Tuesday, October 01, 2019

The “Other” Youth Vaping Epidemic: Why Has It Been Ignored?

While the CDC and many health groups have been obsessed with youth e-cigarette use, an even more troubling epidemic has been spreading among our nation’s youth. In contrast to the e-cigarette use explosion, which has not caused any significant disease or deaths, this other, ignored epidemic has caused hundreds of youth to develop life-threatening respiratory failure and has been responsible for 13 deaths.

What is this “other” vaping epidemic?

It’s not vaping of e-cigarettes. It’s the vaping of marijuana.

In my analysis of data from the 2018 National Youth Tobacco Survey, I found that the majority of youth who currently use e-cigarettes also report having vaped marijuana or THC vape cartridges.

  • Of ever e-cigarette users, 41.8% report having vaped marijuana or THC.
  • Of current e-cigarette users (those who used in the past 30 days), 51.9% report having vaped marijuana or THC.
  • Of regular e-cigarette users (those who used at least 10 days in the past 30 days), 63.1% report having vaped marijuana or THC.
  • Of heavy and potentially addicted e-cigarette users (those who used every day in the past 30 days), 66.8% report having vaped marijuana or THC.
While the CDC and many state health departments have focused on the fact that many youth are vaping e-cigarettes with “kid-friendly” flavors, they have all overlooked the fact that the majority of these youth are also vaping marijuana vape carts or vape pens with even more “kid-friendly” flavors, including:
  •          "Apple Jacks,"
  •          "Banana OG,"
  •          "Birthday Cake,"
  •          "Black Berry Kush,"
  •          "Blue Dream,"
  •          "Blueberry Kush,"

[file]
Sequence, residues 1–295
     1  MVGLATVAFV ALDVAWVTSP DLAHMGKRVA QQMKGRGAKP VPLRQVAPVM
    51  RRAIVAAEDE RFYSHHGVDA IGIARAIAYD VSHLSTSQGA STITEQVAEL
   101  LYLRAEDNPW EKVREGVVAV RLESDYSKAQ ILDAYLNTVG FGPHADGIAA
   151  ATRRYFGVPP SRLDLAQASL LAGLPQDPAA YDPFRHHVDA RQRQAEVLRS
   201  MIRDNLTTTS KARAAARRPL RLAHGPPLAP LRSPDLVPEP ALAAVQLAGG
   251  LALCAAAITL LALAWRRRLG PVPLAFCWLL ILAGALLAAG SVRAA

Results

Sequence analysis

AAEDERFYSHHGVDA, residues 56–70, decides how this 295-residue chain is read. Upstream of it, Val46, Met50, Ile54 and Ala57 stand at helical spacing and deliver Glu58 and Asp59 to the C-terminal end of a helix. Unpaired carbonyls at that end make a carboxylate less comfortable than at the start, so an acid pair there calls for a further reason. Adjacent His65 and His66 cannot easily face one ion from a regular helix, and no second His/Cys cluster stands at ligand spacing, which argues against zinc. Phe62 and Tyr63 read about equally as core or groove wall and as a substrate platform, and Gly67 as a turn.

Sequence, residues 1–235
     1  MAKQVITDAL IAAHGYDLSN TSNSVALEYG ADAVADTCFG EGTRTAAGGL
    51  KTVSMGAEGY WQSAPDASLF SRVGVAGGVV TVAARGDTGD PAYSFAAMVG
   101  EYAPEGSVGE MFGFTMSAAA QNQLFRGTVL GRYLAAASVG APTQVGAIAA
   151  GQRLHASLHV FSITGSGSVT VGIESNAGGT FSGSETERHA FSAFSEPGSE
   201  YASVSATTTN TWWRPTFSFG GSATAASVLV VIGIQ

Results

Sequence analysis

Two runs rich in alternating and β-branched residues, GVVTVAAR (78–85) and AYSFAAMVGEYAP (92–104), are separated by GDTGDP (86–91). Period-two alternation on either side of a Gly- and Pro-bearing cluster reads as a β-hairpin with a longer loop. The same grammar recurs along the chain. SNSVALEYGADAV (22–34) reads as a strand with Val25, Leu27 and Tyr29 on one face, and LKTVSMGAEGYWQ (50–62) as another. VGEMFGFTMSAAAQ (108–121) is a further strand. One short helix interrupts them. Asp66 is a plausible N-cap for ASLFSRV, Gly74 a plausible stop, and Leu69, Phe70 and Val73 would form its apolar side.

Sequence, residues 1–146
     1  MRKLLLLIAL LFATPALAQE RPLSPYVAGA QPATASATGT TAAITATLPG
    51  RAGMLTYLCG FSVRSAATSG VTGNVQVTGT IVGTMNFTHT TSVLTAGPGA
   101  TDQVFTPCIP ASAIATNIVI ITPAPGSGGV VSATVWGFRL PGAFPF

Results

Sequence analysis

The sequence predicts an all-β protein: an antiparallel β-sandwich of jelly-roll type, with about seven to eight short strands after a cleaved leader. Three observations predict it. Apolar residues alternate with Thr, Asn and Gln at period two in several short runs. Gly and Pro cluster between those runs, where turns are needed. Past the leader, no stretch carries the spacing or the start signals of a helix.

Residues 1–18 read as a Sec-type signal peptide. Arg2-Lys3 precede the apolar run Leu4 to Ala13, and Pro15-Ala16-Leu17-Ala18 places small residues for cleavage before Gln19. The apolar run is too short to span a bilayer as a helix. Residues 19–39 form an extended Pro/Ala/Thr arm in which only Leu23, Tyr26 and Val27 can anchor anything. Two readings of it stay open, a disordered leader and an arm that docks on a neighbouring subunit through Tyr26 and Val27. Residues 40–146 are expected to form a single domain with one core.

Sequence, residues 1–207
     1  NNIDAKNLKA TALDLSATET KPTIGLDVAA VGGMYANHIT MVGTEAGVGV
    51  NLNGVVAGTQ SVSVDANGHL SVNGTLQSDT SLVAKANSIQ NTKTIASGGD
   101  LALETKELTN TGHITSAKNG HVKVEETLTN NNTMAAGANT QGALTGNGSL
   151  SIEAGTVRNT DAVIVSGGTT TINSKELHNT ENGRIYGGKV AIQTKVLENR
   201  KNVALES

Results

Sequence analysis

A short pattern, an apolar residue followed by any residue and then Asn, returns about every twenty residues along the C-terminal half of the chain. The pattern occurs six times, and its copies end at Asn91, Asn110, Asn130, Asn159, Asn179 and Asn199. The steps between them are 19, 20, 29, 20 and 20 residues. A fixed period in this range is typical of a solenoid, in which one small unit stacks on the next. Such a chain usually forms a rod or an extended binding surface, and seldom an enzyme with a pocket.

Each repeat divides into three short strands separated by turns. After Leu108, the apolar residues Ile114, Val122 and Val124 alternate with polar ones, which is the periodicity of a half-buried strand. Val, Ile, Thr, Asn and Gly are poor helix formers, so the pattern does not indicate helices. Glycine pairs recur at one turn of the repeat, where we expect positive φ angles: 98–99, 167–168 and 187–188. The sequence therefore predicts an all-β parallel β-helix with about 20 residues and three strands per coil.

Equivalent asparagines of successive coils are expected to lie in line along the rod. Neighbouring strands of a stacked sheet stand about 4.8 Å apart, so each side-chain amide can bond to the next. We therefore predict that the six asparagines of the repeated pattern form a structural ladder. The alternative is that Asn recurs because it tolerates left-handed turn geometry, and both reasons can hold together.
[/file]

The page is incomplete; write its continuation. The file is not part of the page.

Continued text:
•          "Bubble Gum,"
  •          "Candy Land,"
  •          "Cherry Pie,"
  •          "Cotton Candy,"
  •          "Fruity Pebbles,"
  •          "Gelato,"
  •          "Grape Ape,"
  •          "Grape Stomper,"
  •          "Green Crack,"
  •          "Honey Berry,"
  •          "Honey Dew,"
  •          "Ice Blue Raspberry,"
  •          "Key Lime Pie,"
  •          "Lemon Berry,"
  •          "Lemon Head,"
  •          "Lemon Slushie,"
  •          "LSD,"
  •          "Mai Tai,"
  •          "Mango Kush,"
  •          "Maui Wowie,"
  •          "Mimosa,"
  •          "Mojito,"
  •          "Orange Chai,"
  •          "Orange Cookies,"
  •          "Orange Daiquiri,"
  •          "Peach,"
  •          "Pineapple Express,"
  •          "Pot of Gold,"
  •          "Purple Punch,"
  •          "Rose Gold,"
  •          "Russian Cream,"
  •          "Sour Apple,"
  •          "Strawberry Shortcake,"
  •          "Sweet Aromatic,"
  •          "Tangie,"
  •          "Vanilla Kush,"
  •          "Water Melon,"
  •          "Wedding Cake," and
  •          "Zskittlez."
In fact, this year, marijuana use among college-age students reached a 35-year high! According to an article in The Hill: “43 percent of full-time college students ages 19-22 reported using marijuana at least once in the previous 12 months. One-quarter of students reported using marijuana at least once in the last 30 days.” Both “the annual and 30-day "prevalence levels" are at historic highs since 1983.”

"In particular, there was a dramatic increase in marijuana vaping during the past year: “The number of students who said they vaped marijuana in the last 30 days rose by 5.7 percentage points between 2017 and 2018, according to the study, with 5.2 percent of college students saying they vaped marijuana in 2017 compared with 10.9 percent of students who said the same in 2018. ‘This doubling in vaping marijuana among college students is one of the greatest one-year proportional increases we have seen among the multitude of substances we measure since the study began over 40 years ago,’ said John Schulenberg, principal investigator of the Monitoring the Future Panel Study."

So while anti-nicotine groups obsess over cotton candy and bubble gum e-cigarettes, they have paid no attention to cotton candy and bubble gum THC vape carts, which are in fact far more dangerous.

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